Though I believe in combining passive and active investing strategies, it is important to realize that not all indexes are the same. This is particularly the case when it comes to bond indexes. Bond indexes are harder for a manager to replicate than stock indexes because of multiple bond issues and liquidity constraints.
Conversely, many companies have multiple bond issues. A bond maturing in three years will have different characteristics than a bond maturing in seven years, even if both are issued by the same company. Thus, replicating a bond index is not as simple as merely adding General Electric (GE) bonds. The same issue has to be held in order to replicate the index.
Furthermore, because there can be several bond issues, liquidity can be a problem. A manager trying to track a specific bond index may not be able to buy a large enough position in a given issue to precisely track the performance of a bond index. This is particularly the case for a large portfolio or a large fund.
This does not mean bond indexes are bad, however. I personally hold the Vanguard Total Bond Market Index fund (VBMFX) in my 403(b) retirement account. Rather, it simply means that bond indexes are more difficult to replicate. Since they are more difficult to replicate, they are not as useful of a comparison tool to judge a bond manager’s performance by.
The S&P 500 serves as a useful comparison for measuring a large-cap stock manager’s performance because funds can easily replicate its composition. Since bond indexes are tougher to replicate, comparing a bond manager’s performance to them is often not an apples-to-apples comparison. A bond manager’s portfolio may have different maturities, duration (a measure of sensitivity to changes in interest rates), yield or credit quality. All of these can impact comparative performance.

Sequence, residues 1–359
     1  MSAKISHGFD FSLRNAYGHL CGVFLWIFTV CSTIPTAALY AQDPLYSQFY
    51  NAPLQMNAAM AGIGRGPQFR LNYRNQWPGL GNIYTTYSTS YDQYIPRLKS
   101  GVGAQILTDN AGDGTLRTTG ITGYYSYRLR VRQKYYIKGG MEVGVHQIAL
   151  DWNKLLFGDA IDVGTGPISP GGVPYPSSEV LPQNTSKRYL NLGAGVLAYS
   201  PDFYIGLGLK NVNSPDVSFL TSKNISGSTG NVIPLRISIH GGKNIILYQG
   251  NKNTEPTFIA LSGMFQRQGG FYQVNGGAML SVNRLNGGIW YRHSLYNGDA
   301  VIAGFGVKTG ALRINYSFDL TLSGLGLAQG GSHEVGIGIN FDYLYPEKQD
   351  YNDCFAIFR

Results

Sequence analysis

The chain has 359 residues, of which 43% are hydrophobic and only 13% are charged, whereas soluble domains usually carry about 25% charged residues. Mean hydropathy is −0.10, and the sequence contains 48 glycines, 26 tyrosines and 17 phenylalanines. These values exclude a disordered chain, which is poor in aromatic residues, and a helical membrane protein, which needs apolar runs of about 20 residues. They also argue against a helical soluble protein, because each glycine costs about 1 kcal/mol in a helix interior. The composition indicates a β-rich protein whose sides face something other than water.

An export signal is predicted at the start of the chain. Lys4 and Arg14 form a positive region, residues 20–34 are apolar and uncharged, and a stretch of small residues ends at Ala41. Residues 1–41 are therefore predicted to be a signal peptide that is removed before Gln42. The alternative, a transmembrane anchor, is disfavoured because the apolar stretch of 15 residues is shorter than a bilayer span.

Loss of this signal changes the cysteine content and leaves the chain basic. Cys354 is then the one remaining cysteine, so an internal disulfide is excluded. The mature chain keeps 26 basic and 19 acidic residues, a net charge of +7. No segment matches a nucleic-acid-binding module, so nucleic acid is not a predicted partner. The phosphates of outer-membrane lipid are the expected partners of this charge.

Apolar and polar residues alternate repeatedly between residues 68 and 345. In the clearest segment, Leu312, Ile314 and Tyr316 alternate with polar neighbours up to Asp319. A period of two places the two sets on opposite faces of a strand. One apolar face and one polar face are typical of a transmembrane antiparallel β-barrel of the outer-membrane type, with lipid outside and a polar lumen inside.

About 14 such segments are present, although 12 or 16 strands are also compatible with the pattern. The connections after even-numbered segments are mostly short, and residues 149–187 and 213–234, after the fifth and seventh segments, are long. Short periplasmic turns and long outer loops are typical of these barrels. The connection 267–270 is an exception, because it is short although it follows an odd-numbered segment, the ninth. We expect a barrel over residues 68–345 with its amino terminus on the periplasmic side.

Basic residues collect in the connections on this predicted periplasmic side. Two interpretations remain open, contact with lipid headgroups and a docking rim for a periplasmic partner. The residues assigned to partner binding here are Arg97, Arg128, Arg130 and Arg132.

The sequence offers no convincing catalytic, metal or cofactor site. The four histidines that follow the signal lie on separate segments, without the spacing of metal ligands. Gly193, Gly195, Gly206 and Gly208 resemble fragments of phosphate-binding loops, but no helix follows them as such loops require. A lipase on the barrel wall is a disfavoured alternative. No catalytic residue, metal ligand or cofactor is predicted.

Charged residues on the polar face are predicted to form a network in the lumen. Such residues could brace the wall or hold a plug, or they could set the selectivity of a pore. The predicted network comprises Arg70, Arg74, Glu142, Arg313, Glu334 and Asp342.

This is not to say that you should avoid comparing an active bond manager’s performance against that of an index, but rather that you should consider using more than one measure. Add to the mix comparable bond funds (e.g., U.S. long-term general bond funds) to provide a broader base of benchmarks. Plus, consider whether there are reasons beyond the manager’s talent (or lack thereof) playing a role.
The Week Ahead
Approximately 80 members of the S&P 500 will report earnings next week. Included in this group will be Dow components Coca-Cola (KO), Intel (INTC), International Business Machine (IBM), Johnson & Johnson (JNJ) and UnitedHealth Group (UNH) on Tuesday; American Express Company (AXP) and Bank of America (BAC) on Wednesday; Microsoft (MSFT), The Travelers Companies (TRV), Verizon (VZ) on Thursday; and General Electric (GE) and McDonald’s (MCD) on Friday.
On the economic front, September retail sales, the October Empire State Manufacturing Survey and August business inventories will be announced on Monday. Tuesday will feature the September Consumer Price Index (CPI), September industrial production and capacity utilization, and the October National Association of Home Builders housing index. September housing starts and building permits will be announced on Wednesday. Thursday will feature the October Philadelphia Federal Reserve survey and September leading indicators. September existing home sales will be announced on Friday.
The Treasury Department will auction $7 billion of 30-year inflation-protected securities (TIPS) on Thursday.
October stock options expire on Friday.About The Author - Charles Rotblut, CFA is the VP and Editor for American Association of Individual Investors (AAII). Charles is also the author of Better Good than Lucky. (EconMatters author archive here)
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